Date of Award




Document Type


Degree Name

Doctor of Philosophy (PhD)


Department of Information Science

Content Description

1 online resource (viii, 149 pages) : illustrations (some color)

Dissertation/Thesis Chair

Jennifer Stromer-Galley

Committee Members

Terrence A Maxwell, Anthony M Cresswell


citizen participation, local geographic context, online communities, political discourse, Online social networks, Political participation, Internet in political campaigns, Internet

Subject Categories

Communication | Journalism Studies | Library and Information Science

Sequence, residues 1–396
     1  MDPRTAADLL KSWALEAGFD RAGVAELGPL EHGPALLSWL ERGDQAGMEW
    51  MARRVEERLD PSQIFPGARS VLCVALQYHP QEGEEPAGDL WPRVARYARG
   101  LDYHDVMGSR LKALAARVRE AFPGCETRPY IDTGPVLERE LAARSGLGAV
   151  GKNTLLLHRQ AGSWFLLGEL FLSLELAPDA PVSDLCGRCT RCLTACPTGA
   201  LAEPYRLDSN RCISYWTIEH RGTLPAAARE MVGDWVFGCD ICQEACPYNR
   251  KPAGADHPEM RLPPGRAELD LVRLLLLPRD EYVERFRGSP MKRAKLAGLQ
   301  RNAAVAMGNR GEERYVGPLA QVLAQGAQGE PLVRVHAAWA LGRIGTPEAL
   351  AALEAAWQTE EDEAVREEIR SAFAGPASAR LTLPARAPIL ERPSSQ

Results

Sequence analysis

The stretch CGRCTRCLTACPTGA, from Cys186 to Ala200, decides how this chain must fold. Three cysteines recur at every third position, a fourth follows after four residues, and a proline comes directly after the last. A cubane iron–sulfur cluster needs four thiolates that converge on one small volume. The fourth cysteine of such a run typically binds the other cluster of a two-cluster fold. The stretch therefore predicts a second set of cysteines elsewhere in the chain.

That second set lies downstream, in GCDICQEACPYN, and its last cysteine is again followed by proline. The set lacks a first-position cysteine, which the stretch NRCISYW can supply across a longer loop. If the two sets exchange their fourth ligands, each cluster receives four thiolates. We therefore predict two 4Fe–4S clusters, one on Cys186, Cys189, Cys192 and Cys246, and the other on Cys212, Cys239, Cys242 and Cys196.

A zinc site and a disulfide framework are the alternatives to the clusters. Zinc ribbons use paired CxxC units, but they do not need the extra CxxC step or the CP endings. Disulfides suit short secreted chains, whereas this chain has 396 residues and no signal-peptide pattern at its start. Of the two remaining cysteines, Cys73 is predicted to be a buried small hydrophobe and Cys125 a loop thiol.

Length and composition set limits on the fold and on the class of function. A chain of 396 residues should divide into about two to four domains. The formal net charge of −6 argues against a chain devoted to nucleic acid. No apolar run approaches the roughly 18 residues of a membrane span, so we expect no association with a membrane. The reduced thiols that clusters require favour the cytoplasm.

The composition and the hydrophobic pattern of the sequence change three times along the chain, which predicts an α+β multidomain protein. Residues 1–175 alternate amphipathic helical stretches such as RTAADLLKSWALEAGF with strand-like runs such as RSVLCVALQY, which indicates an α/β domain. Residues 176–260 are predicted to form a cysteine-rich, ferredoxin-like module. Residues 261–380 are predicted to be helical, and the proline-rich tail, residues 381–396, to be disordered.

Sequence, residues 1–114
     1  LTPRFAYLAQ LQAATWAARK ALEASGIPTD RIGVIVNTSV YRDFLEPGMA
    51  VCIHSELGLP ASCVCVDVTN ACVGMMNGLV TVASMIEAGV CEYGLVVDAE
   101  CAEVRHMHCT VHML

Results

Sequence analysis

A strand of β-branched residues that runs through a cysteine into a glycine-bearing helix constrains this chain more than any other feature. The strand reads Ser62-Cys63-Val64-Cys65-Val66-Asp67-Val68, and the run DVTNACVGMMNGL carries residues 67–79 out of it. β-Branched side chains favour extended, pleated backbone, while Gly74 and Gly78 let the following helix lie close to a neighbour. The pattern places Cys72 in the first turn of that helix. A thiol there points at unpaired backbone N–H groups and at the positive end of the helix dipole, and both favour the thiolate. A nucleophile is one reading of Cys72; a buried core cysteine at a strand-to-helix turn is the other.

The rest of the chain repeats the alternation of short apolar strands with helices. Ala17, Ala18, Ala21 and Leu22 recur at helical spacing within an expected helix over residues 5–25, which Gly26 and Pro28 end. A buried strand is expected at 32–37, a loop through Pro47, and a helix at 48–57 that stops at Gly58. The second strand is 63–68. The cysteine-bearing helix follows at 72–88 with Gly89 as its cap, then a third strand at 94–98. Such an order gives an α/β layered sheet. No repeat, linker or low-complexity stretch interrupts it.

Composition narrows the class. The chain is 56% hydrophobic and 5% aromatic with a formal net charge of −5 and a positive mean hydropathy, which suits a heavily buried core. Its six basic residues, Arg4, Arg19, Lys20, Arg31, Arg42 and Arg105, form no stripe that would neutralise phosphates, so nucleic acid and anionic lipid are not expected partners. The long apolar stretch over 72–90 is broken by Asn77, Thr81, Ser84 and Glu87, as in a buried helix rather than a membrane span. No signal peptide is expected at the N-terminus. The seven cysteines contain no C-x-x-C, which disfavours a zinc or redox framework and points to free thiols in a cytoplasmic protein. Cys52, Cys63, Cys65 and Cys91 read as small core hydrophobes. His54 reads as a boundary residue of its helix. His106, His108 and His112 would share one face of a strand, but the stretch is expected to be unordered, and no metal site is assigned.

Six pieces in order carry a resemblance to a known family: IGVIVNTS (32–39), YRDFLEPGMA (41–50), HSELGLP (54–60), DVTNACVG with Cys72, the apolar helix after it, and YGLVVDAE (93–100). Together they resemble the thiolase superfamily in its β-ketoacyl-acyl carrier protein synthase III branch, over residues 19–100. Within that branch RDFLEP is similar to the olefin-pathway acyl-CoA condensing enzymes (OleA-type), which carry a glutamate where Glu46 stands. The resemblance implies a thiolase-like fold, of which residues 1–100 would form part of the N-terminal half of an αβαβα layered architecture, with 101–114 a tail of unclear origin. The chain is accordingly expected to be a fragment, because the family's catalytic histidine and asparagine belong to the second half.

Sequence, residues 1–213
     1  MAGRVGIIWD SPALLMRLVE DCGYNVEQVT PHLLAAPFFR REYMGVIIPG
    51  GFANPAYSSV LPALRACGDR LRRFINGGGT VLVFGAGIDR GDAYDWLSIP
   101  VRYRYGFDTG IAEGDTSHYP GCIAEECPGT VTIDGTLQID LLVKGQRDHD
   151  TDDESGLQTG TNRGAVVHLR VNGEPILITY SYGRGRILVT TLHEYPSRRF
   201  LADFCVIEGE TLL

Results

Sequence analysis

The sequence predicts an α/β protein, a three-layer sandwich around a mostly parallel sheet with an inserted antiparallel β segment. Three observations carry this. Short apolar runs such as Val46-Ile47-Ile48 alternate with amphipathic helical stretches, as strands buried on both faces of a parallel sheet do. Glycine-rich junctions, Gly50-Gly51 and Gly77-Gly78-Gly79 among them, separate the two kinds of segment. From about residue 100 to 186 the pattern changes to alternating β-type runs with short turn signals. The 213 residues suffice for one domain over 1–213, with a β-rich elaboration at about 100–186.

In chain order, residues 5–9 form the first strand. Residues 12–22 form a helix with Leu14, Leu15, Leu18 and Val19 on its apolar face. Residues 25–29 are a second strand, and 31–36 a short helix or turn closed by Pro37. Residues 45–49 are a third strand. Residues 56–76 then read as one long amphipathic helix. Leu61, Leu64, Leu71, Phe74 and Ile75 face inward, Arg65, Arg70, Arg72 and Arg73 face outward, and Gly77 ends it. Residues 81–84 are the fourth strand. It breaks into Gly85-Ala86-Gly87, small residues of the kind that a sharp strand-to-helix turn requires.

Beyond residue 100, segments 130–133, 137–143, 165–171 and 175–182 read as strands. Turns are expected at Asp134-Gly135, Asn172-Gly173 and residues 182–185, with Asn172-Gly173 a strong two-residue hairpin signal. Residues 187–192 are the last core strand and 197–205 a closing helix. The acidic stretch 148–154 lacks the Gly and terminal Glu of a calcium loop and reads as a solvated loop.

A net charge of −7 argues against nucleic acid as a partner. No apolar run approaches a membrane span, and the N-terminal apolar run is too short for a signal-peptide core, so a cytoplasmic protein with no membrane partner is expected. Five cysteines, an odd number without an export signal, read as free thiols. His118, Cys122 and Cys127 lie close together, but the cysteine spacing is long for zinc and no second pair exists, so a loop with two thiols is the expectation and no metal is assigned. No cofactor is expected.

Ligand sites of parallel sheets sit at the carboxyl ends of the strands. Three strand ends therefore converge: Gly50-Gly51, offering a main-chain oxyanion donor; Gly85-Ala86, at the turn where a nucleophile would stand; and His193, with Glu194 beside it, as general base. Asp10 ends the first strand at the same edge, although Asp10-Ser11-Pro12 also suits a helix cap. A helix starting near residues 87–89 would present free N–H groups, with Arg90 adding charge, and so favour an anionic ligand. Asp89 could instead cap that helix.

From Facebook to Twitter, ordinary citizens' use of social media to discuss, organize, and participate in the political process continues to grow in popularity (Davis, 2005; Rainie, 2005; Kohut, 2008). Researchers interested in this area have explored the demographics, patterns of behavior and motives of participants in online communities (Stromer-Galley, 2002, 2003), the dynamics of the online discussions (Dahlberg, 2001; Davis, 2005; Wilhelm, 2000), the effect of online participation on other forms of political activity (Brunsting, 2002; Kavanaugh & Patterson, 2001), and more recently the relationship between social media and the conventional press (Hiler, 2002; Park, 2004; Cornfield, 2006; Lenhart & Fox, 2006; Schiffer, 2006; Fanselow, 2009). Most research, however, has examined online communities focused on national political communities. This dissertation research contributes to that line of analysis but instead focuses on an online community, the Schenectady Virtual Internet Community (SVC), which is centered on a local geographic setting, Schenectady, NY.